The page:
The South African Communist Party does not believe that either accepting or rejecting the National Development Plan in its entirety is the right way to debate it.
Instead, the SACP recently published a May 2013 Discussion Document on the plan, ahead of a meeting between itself, the African National Congress and Cosatu next month, where the NDP is likely to be a central discussion point.
The SACP’s approach has been an attempt to balance the needs for state capacity and planning with a rejection of the plan’s ‘neo-liberal’ elements. It also attempts to remove the plan from the increasingly toxic factional debates within the alliance, by encouraging the ANC to view it as the recommendations of a panel of experts with certain biases – rather than a hard and fast plan with broad general consensus.
The NDP does not enjoy broad consensus, the SACP has argued. The time between the announcement of the commission and the publishing of the final plan was too short to achieve any real public buy-in.
“Instead of building towards broad consensus by starting from a clear ideological and principled base, it has started with a fabricated, bland consensus that obscures radically different agendas and then sought to impose detailed recommendations from it. This has resulted, as it could only have resulted, in an extremely mixed and contradictory bag of tricks,” the SACP document said.
“Which is not to say that the outcome (the 484-page NDP) is all bad, or that it must simply be tossed away, but it does mean that the SACP, Cosatu and the ANC are presented with a complicated challenge – What are we to make of the NDP? How do we ensure that we don’t play directly into hostile agendas and further divide ourselves?”
The NPC’s lack of strong, organic link to government was criticised. Unlike other planning commissions around the world, it is not chaired by a president or prime minister and is not made up in large parts of members of cabinet, or similar. It is instead a collection of part-time commissioners who are all experts in their fields, and is chaired by a single senior minister.
In previous interviews, the commission chairman and planning minister Trevor Manuel stated that the intention was not to create a new prime minister. In the process of ensuring that a new centre of power wasn’t inadvertently created, the commission may have been rendered effectively toothless in comparison to others around the world.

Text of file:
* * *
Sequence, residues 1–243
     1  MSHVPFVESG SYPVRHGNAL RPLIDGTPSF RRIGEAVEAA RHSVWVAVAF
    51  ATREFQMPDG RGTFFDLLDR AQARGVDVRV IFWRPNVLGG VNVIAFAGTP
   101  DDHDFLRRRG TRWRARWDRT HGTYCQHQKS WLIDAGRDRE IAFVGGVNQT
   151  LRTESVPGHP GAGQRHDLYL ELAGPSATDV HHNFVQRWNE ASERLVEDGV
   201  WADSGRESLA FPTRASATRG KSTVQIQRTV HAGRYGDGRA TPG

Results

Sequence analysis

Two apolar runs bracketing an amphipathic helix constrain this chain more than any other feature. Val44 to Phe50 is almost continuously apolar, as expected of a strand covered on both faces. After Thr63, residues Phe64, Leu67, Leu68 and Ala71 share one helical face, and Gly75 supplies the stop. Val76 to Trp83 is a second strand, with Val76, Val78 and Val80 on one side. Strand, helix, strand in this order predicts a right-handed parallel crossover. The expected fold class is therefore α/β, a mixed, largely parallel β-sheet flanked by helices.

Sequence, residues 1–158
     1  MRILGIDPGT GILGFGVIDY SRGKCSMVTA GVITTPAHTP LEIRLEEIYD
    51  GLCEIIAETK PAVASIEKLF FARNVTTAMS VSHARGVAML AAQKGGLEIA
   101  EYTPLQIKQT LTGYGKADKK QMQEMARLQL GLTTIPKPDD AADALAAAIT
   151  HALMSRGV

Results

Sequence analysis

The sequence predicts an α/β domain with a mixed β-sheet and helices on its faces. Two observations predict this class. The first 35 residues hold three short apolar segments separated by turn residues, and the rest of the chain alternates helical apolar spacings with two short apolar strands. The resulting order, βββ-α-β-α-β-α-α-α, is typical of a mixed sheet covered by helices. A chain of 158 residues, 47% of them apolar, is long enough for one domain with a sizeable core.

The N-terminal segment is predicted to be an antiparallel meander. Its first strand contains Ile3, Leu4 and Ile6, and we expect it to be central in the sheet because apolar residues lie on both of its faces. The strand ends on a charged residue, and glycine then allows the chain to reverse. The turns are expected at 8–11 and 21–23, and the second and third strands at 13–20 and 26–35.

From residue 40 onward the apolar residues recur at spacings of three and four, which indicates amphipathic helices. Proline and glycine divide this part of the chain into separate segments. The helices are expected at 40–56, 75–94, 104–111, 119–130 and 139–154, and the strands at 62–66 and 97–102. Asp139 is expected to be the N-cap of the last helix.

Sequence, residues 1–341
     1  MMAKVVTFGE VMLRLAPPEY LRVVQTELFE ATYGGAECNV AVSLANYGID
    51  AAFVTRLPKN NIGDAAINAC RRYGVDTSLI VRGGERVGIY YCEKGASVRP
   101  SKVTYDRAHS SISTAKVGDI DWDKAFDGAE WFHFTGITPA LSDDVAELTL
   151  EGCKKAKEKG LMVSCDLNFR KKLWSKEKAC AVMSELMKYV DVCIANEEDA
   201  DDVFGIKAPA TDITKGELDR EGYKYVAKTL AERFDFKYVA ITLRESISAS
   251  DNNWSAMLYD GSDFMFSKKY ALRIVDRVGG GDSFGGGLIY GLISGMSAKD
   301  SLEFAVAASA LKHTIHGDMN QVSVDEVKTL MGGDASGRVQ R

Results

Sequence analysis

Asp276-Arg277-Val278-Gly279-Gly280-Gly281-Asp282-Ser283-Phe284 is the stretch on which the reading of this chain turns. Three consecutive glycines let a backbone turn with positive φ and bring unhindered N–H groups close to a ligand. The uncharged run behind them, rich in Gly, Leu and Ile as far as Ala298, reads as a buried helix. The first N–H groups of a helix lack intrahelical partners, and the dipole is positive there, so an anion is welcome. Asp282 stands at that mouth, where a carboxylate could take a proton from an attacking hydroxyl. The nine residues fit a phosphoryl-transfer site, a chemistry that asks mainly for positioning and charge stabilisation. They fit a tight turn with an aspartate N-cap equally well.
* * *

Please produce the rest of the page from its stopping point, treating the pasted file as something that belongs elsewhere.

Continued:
On the economy and employment, the section that has caused the most political controversy so far, the SACP largely agreed with Cosatu’s analysis. The plan wants to create ‘low-quality’ jobs in small, micro and medium enterprises, and in the services sector, as a way of quickly absorbing the huge unemployment numbers, but the union federation noted that it is SMMEs rather than large enterprises which have been shedding jobs. This makes the NDP’s expectation of 9,9 million new jobs unrealistic. It also agreed the plan would generally dilute worker rights and was far too weak on re-industrialisation as a critical dimension of placing the economy on a new growth path.
Interestingly, the SACP gently encouraged the National Union of Metalworkers of South Africa (NUMSA), which has been the biggest critic of the plan so far, to stop agreeing with the Democratic Alliance that the plan draws from its policies.
“We can understand why the DA would want to position itself in this way. But why would NUMSA want to do exactly the same thing? A simple NDP = DA equation grossly exaggerates the consistency and coherence of the NDP (a key thesis of this intervention)…but it also exaggerates the internal coherence and unity of the DA and its policies,” the SACP said.
NUMSA leaders have claimed that the ANC was abandoning the Freedom Charter by adopting the NDP, but the SACP said that it wasn’t necessary to make everybody accept the charter point-by-point to begin to achieve its strategic objectives. On the economic front, the party insisted that the plans for implementation were the New Growth Path, the Industrial Policy Action Plan (IPAP2) and the Presidential Infrastructure Coordinating Commission.
“We need to acknowledge that the setting up of an NPC was a partial victory for the SACP (and progressive forces). Developing a long-range planning capacity within the state was something that the SACP had argued for consistently over many years, and the 2007 ANC Polokwane resolution was very much motivated by the SACP,” the party said.
However, the ideological inconsistencies and general liberal tone of the document means that it generally does not enjoy the support of the SACP. The criticism about how it fits into government, and the role of the NPC, is pertinent. As it its rejection of the ‘who really owns the plan’ debate. Whether a certain bullet point in it came from the ANC or the DA should not take centre stage ahead of the simple question: is this a good plan or not?
Even from an ideologically neutral point of view, the SACP is right in saying that the NPC should have been modelled on the infrastructure planning commission. But the plan has been written from outside of ongoing government process and must now fit in, somehow. The danger is that government officials will simply ignore it and carry on with the implementation regimes already in place. DM
Photo: SACP General Secretary Blade Nzimande arrives in style at the ANC’s national elective conference. 16 December 2012, ANC 53rd Conference, Mangaung. (Greg Marinovich)
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